I originally came across the Munsell Colour System when I bought the student set back in 2001. Compact, but nonetheless very comprehensive, the set also included practical exercises which were a great way to apply theory to practice. I was looking for something that would complement my existing knowledge of colour theory, something that was accessible and that I could also use for my work as an emerging designer. Books on colour theory at the time were great in many ways, but didn’t really help me refine my understanding of colour when it came to practical design applications. Using Munsell was a real eye opener. I started thinking about colours in a completely different way… and in the third dimension! As a spatial designer whose work is mostly 3D, this notion is very important. I also enjoyed putting together the colour charts that came with the student folder (not as easy as it first seemed) and experimenting with colours using the exercises, or making my own palettes.
Teaching Colour Theory in Spatial Design
So when we thought about ways to engage students of the BA Spatial Design at London College of Communication with colour theory, we referred to the Munsell Colour System. Spatial Design is an emerging practice that explores the relationship between people and their surroundings. How we experience spaces, interaction, integration or wellbeing, and understanding as well as being able to manipulate colours, is of course, essential to spatial designers. We wanted a workshop that was fun and memorable, a workshop where students would be able to learn through direct experience. So a few days before the workshop, we asked them to come in wearing a coloured top, any colour except black, grey or white. They were very curious about why we were making such a request, and although we did explain a little, we didn’t reveal everything. On the day of the workshop we were met with an eager audience full of anticipation. No one was disappointed, we had a lot of fun and everyone experienced the power and complexity of colour.
How to Conduct a Spatial Art Design Workshop
Following a short lecture on colour theory, including the Munsell classification, we asked students to organise themselves across colour palettes following specific criteria we gave them. We asked them to organise themselves,
If we took 5Y (Yellow) as the Hue, the range of values would go from 3 to 8 and Chroma from 2 to 12. We mounted examples of Munsell charts from the student set on the wall of the studio to use as reference throughout the course. Our approach was a little more experimental, but it worked because students had to think on the spot to get it right, creating interaction and discussion between them. It was incredibly lively. The point wasn’t to be absolutely accurate but to be able to understand and identify colours and their relationships. We continued with students making monochromatic, harmonious and contrasting palettes. For the grand finale, everyone had to find their complementary.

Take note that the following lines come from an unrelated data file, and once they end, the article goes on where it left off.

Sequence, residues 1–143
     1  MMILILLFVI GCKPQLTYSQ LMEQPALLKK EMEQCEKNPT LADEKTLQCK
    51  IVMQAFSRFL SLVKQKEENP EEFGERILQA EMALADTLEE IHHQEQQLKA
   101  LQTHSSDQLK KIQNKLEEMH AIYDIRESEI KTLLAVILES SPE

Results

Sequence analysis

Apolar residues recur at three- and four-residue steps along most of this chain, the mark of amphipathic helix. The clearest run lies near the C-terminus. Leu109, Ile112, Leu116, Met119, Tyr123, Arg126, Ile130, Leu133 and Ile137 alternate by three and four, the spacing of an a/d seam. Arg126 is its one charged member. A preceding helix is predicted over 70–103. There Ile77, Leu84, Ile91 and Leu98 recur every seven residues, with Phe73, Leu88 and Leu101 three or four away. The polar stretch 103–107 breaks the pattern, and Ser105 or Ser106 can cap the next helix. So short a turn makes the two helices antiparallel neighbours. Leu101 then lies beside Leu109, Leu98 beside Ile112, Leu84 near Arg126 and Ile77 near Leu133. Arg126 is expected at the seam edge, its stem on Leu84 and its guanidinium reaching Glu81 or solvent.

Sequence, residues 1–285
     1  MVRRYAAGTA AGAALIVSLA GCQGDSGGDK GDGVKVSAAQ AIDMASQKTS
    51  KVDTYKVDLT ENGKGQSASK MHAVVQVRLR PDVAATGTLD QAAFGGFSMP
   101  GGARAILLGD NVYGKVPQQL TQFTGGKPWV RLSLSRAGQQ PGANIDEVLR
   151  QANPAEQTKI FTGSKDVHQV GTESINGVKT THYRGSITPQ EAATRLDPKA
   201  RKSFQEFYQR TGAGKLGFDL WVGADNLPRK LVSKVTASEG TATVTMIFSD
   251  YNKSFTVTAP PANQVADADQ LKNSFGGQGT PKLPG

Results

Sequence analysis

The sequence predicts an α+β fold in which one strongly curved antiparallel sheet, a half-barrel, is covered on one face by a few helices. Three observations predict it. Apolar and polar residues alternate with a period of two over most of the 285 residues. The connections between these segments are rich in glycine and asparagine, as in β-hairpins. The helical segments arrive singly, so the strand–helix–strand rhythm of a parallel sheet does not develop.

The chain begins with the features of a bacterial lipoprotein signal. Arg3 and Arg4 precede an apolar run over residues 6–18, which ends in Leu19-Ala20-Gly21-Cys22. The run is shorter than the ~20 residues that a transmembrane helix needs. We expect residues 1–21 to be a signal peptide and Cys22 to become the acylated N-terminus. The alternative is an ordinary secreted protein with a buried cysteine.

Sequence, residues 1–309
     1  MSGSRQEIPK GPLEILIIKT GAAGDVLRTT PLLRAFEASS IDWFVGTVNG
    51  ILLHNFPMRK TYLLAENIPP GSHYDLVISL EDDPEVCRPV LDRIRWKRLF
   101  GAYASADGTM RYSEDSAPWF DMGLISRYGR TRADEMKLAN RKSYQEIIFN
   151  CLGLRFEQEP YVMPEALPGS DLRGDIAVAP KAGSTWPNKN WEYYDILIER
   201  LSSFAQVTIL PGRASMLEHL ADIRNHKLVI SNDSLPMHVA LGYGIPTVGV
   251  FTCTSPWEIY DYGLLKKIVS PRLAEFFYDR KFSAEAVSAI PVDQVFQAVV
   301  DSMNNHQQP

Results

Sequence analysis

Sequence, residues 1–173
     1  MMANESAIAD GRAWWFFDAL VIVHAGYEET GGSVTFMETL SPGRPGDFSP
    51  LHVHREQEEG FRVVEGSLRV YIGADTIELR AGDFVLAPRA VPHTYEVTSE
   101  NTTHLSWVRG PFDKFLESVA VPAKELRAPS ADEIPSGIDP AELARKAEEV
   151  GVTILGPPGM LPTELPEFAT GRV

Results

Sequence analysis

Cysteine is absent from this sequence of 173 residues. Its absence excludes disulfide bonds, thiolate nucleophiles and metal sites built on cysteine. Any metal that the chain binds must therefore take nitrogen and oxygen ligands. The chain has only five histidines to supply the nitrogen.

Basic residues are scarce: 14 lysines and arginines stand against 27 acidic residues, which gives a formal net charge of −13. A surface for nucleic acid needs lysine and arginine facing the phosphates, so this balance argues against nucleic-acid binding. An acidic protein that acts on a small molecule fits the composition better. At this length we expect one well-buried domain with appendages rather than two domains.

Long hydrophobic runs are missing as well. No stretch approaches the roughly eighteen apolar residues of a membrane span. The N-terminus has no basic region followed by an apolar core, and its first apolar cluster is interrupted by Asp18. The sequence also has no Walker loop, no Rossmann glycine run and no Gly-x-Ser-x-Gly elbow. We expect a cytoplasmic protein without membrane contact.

During the workshop, something wonderful happened. Students in the course come from many different countries across different continents. They took it upon themselves to explore the concept of cultural identity through colour skin tones, making their own palettes which included a lovely palette of hands. In addition to being fun, this simple but highly effective workshop was a significant turning point for our first year Spatial Design students’ appreciation of colour.
About the Author
Valerie joined LCC in 2003 as a lecturer in digital drawing and developed an e-learning site for Vectorworks as part of a pedagogic research project. As a spatial designer, Valerie usually works within architectural environments and, in collaboration with Silvia Grimaldi, is joint Course Leader of the BA (Hons) Spatial Design at LCC. Her teaching is influenced by what she sees as the exciting and transformational future for designing spaces and past students have received 3 awards from the D&AD students’ competition in the spatial design category.
Her research focuses on sensory characteristics and perceptual atmospheric qualities in the built environment. She was invited as a guest lecturer on Spatial Experience at the Royal College of Arts, completed a thesis on Interior Practices in Urban Environments and published a paper called Re-Imaging the Environment at the Electronic Visualisation and the Arts London 2013 conference. She also recently completed a paper called ‘Sensing the Urban Interior’ for the [in]arch conference taking place at Universitas Indonesia (Jakarta) in September 2014.